Castle Semple Collegiate Church

Lochwinnoch, United Kingdom

late Gothic Castle Semple Collegiate Church is under the protection of Historic Environment Scotland as a Scheduled monument.

John Sempill, 1st Lord Sempill founded the collegiate church near Castle Semple, in circa 1504. It had a provost, six chaplains or prebendaries, two boys, and a sacristan. The roof was removed in the 1800s, and the ivy has penetrated into the interior. The building is a simple oblong, terminating toward the east in a three-sided apse, and having a square tower projecting from the centre of the west wall. The forms of the double windows indicate that they are very late survivals of Gothic architecture. The other windows in the side walls are altered, but they do not present any features like those of the apse.

Over the door to the chancel are two coats of arms with the letters R. L. S. and A. M. S., one shield bearing the Sempill arms and the other those of Montgomerie. The square tower at the west end is extremely simple. The tower and most of the side walls are of about the date of the original foundation, while the east apse has been added in the 16th century, to receive the monument of John, Lord Sempill, who died at the Battle of Flodden in 1513. A few remains of the original squareheaded windows in the side walls are still traceable. The interior was divided by two solid walls into three compartments, so as to form separate private burial places. In the eastern compartment, there is a large monument to Lord Sempill. A monumental slab in the central compartment is erected in memory of Gabriel Sempel, who died in 1587.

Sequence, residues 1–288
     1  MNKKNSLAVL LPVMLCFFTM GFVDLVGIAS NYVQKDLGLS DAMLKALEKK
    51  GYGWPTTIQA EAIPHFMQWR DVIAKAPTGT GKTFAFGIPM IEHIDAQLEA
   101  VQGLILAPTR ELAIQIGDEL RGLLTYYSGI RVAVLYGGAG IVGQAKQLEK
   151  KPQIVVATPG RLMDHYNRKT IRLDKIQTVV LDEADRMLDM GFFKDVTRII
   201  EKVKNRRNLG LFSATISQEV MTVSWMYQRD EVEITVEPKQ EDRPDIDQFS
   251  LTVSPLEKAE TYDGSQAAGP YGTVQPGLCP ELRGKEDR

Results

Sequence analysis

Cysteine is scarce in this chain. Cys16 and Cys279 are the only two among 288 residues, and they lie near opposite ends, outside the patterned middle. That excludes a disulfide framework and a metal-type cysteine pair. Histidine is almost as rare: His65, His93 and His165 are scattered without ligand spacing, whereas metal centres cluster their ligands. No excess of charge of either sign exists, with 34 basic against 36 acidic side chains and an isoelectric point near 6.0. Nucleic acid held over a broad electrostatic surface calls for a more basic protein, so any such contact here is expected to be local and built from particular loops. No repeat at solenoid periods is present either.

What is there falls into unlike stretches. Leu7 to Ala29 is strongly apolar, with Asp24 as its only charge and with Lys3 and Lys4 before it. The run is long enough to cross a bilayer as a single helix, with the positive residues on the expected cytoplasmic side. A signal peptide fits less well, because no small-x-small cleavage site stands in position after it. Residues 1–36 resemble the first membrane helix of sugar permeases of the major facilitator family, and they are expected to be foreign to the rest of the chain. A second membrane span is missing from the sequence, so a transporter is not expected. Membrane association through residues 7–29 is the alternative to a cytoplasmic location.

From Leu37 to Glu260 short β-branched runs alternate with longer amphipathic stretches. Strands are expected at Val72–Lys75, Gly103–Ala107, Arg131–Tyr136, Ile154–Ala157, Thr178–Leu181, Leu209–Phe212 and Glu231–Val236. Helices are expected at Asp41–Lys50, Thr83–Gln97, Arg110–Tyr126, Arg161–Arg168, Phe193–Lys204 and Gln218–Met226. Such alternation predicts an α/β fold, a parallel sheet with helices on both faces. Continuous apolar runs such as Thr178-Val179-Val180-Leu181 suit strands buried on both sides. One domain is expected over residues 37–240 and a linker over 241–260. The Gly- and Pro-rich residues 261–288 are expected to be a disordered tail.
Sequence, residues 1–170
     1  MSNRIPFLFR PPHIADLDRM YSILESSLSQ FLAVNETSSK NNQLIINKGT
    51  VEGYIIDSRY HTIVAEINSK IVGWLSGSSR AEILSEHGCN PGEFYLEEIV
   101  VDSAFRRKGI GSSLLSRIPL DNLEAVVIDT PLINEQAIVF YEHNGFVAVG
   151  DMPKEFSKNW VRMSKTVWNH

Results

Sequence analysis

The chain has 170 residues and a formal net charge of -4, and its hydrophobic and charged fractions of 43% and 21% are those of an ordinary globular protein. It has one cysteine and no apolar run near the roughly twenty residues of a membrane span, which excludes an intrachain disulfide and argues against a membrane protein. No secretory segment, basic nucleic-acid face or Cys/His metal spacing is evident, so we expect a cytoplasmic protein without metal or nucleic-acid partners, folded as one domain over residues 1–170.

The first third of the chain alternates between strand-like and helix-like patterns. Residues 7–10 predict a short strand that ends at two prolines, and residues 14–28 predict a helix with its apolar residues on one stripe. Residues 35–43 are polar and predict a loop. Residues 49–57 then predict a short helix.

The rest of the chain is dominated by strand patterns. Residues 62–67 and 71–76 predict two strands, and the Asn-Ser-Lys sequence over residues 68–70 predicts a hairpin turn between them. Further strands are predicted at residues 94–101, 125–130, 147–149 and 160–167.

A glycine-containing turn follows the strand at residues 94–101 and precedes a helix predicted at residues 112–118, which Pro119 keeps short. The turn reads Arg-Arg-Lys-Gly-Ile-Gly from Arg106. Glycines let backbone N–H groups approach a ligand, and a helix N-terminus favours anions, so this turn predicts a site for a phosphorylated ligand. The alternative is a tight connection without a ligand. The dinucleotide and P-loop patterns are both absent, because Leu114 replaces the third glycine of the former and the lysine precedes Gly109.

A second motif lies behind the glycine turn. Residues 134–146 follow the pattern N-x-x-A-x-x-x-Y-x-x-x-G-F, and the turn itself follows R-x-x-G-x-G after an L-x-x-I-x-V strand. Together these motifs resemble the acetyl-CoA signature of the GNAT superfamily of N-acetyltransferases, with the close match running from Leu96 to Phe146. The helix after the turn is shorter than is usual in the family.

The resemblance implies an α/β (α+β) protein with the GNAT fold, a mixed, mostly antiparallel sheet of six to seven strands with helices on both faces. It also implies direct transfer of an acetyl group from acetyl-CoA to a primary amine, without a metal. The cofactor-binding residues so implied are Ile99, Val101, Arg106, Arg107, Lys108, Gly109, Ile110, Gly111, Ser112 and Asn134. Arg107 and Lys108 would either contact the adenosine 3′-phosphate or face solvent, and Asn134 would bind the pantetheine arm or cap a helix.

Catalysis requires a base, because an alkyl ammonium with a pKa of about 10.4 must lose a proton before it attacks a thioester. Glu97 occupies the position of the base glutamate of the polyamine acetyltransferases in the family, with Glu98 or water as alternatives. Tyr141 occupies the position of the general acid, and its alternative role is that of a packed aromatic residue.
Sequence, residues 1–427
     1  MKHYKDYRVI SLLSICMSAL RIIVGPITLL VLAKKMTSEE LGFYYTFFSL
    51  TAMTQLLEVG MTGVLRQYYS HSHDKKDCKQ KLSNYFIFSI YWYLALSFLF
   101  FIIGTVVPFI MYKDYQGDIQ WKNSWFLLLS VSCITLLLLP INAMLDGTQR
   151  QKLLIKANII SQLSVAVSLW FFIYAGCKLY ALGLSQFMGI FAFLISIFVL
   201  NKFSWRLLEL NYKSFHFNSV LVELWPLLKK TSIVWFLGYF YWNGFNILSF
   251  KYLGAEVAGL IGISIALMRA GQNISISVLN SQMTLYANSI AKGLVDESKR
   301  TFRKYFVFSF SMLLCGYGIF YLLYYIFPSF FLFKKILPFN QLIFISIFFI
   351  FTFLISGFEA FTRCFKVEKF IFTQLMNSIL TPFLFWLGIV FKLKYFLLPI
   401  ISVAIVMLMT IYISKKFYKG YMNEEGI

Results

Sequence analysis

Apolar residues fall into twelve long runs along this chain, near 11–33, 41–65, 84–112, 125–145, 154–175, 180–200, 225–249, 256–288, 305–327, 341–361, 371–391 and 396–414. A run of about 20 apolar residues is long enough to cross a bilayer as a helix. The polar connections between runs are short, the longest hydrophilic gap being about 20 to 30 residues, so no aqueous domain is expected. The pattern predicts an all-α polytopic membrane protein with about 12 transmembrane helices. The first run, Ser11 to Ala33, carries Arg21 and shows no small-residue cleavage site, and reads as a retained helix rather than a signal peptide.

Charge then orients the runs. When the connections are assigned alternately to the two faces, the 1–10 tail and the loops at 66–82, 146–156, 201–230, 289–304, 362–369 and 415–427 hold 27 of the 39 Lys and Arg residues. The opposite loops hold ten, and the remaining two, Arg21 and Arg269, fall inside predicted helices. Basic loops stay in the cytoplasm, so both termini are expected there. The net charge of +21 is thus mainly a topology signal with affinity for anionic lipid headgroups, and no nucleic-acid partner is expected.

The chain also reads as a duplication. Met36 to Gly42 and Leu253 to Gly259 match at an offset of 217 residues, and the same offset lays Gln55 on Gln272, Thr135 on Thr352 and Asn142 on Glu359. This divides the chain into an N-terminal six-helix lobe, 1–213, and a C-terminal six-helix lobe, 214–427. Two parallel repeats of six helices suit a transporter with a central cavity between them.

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Founded: 1504
Category: Religious sites in United Kingdom

More Information

en.wikipedia.org

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4.5/5 (based on Google user reviews)

User Reviews

Andrew Kingsbury (9 months ago)
It is great.
Murray Beattie (10 months ago)
Nice walk and interesting setting.
John Young (12 months ago)
Very pleasant walk along an old railway, visited the ruins of an old gothic church and walked back alongside the Loch. Great day out.
Jack Winch (16 months ago)
Worth the walk to see this 16th century church which James IV visited...
Gordon Denton (2 years ago)
Nice area and some lovely warks
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